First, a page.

A History of American Manufactures from 1608 to 1860...: Comprising Annals of the Industry of the United States in Machinery, Manufactures and Useful Arts, with a Notice of the Important Inventions, Tariffs, and the Results of Each Decennial Census, Volume 1

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On page 662 of this 1868 publication, a biography of printer Edward O. Jenkins describes the former Billin and Brother printing offices he then occupied. The article notes that the composing room had facilities for 60 compositors, and that Jenkins had 11 large presses in the press room. Some -- perhaps all -- of those presses were purchased from the Billins in 1860 when he bought out their printing business. 

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Page 136 - Grist-mills were erected in Western New York. Through all the vast region " Where wild Oswego spreads her swamps around, And Niagara stuns with thundering sound," the Mohawk, the Oneida, and the Seneca, pounded his maize and ate his unbolted meal in undisturbed possession of the "backwoods
Page 616 - That from and after the 24th day of June, 1750, no mill, or other engine for slitting or rolling of Iron, or any plating forge to work inch thick—15 cwt. 0 qrs. 4 Ibs., squares of seven eigths of an
Page 302 - also herein remembered and worthily for their encouragement commended, who buy the yarn of the Irish in great quantity and weaving it, return the same again into Ireland to sell. Neither doth their industry rest here ; for they buy cotton wool in London, that comes first from Cyprus and Smyrna, and at home work the same and perfect it into fustians,
Page 211 - windows were, and the window panes were of paper, Oiled to admit the light, while wind and rain were excluded." From a dwelling of this description, with its wooden chimney and floor of clay, with one or two apartments only scantily supplied with furniture, wherein the housewife plied her domestic employments by the light of a blazing log-fire, or a light-wood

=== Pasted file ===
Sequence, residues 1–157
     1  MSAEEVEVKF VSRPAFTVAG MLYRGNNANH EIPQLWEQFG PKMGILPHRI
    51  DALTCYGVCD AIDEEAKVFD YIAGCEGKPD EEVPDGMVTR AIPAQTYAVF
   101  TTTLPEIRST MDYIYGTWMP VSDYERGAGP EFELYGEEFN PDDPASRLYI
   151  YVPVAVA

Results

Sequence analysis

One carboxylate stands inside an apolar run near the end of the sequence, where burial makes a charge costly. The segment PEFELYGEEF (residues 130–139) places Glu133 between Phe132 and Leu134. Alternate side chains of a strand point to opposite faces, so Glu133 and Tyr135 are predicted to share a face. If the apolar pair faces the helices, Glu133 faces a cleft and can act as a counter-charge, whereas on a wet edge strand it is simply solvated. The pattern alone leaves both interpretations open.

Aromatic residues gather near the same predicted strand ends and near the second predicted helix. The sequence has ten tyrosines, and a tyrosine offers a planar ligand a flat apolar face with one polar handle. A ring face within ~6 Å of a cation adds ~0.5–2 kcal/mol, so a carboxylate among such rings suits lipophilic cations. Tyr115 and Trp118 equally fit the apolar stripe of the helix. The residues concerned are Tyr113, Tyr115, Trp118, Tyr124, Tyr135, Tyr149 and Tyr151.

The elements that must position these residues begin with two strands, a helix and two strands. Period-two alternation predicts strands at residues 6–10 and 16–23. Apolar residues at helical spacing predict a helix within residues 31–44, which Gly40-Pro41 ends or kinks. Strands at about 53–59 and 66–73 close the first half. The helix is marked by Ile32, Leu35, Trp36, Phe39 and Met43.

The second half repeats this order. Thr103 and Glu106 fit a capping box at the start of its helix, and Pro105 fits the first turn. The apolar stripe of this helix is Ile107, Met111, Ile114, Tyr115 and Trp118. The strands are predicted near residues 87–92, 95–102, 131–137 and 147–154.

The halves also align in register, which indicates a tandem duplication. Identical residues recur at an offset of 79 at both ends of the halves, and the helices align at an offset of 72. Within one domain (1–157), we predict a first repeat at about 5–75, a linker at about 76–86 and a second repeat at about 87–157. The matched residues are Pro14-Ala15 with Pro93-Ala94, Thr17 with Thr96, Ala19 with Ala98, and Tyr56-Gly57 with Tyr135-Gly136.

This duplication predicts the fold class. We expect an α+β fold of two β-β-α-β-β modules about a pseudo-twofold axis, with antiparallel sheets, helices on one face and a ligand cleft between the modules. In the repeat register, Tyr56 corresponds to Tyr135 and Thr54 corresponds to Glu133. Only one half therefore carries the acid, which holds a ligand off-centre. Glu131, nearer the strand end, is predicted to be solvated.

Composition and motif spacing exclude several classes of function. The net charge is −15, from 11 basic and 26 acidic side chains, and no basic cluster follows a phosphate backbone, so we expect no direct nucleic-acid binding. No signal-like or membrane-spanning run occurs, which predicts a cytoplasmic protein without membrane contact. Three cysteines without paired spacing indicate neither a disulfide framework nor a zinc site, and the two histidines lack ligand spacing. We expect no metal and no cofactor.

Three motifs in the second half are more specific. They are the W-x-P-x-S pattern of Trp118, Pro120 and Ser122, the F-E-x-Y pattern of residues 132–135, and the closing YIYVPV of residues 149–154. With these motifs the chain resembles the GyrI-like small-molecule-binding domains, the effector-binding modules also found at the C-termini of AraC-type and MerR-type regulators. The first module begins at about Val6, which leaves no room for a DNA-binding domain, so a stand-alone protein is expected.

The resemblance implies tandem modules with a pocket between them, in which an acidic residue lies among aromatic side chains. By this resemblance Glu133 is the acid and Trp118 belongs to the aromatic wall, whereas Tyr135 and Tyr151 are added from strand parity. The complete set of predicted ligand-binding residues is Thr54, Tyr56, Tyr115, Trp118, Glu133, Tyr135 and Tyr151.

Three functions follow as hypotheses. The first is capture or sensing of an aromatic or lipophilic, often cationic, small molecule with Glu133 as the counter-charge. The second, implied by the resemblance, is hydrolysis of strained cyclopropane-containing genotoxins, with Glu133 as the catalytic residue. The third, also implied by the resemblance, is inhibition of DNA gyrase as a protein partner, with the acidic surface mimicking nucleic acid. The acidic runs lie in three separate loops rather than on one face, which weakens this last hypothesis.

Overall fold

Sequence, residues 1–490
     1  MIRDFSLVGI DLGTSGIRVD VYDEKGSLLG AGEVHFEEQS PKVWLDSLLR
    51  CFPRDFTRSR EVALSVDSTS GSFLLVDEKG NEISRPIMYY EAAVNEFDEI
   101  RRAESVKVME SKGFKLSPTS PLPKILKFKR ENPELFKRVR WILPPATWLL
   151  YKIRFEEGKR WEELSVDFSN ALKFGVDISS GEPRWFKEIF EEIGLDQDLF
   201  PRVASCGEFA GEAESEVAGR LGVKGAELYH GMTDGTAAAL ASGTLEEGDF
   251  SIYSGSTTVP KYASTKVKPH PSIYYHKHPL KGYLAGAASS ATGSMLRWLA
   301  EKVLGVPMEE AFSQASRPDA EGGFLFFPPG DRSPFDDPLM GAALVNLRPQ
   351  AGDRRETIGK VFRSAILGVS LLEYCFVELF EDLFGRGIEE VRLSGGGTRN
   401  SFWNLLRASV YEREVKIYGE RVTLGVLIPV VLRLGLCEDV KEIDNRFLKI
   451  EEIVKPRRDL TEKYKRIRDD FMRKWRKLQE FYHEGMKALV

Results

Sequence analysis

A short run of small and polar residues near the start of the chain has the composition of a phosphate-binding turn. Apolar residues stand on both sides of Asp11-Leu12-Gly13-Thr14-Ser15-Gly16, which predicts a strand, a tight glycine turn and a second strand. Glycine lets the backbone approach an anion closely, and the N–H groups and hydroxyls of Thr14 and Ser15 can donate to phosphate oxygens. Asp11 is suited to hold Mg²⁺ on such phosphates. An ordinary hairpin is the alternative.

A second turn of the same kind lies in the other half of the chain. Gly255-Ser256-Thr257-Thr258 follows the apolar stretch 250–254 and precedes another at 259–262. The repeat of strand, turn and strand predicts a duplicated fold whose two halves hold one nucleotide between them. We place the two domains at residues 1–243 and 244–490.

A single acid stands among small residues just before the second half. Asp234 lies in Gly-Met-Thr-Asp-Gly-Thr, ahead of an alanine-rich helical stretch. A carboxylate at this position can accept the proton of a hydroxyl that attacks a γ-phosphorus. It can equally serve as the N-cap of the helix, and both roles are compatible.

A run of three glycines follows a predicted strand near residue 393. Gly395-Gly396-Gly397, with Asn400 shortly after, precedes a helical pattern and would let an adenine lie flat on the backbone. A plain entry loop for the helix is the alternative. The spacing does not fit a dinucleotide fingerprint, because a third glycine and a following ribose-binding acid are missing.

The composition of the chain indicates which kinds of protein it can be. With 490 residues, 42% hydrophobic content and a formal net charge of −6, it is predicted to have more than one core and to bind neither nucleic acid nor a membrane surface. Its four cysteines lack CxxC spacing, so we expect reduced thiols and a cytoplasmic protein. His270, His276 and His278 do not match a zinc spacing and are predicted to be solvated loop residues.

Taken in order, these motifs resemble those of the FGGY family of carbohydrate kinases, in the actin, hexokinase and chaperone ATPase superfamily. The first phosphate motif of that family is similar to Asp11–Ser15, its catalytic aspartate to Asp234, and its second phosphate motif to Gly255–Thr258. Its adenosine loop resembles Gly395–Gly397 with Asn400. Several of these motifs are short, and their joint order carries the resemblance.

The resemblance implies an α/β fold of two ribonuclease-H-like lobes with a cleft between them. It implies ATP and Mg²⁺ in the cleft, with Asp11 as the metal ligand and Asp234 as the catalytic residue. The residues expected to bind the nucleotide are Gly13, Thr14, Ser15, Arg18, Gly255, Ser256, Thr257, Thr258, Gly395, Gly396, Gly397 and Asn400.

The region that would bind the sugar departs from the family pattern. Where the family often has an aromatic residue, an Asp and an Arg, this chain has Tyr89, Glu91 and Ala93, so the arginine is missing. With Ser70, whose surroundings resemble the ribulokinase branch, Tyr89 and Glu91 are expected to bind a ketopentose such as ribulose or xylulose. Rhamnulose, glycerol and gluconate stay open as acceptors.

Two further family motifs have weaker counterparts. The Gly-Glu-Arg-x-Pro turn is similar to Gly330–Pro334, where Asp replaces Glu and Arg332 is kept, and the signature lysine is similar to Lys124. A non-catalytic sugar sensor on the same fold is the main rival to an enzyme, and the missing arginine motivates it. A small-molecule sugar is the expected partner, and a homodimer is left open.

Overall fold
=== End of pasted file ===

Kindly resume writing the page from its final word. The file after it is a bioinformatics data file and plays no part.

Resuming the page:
Page 167 - which could be carried in a bag then formed the greater part of the intellectual nutriment ruminated by the country divines and country justices. The difficulty and expense of conveying large packets from place to place was so great that an extensive work was longer in making
Page 166 - rule. During the great battle of the Exclusion Bill, many newspapers were suffered to appear—the Protestant Intelligence, the Current Intelligence, the Domestic Intelligence, the True News, the London Mercury. None of these were published oftener than twice a week. None exceeded in size a single
Page 299 - England, till their zeal to promote the Gospel of Christ caused them to wander." Governor Winthrop also mentions their use of cotton :—" Our supplies from England failing much, men began to look about them, and fell to a manufacture of cotton, whereof we had
Page 292 - no man now thought he could live except he had cattle, and a great deal of ground to keep them ; all striving to increase their stocks." About the same time, we are told, a quart of milk could be bought for a penny.
Page 267 - me life, to try both, and hope the consequences will be as good Wine as any of the European countries of the same latitude do yield." * * * " Whatever tends to the promotion of the Wine, and to the manufacture of linen in these parts, I cannot but wish you to promote ; and the French people
Page 387 - originated on this occasion. The superior officers were sometimes accustomed to share their rations with the less fortunate soldiers and subalterns. The Baron's aids, on one occasion, invited a number of young officers to dine at their quarters, torn clothes being an indispensable requisite of admission. "Such a set of ragged, and at the same time merry fellows,

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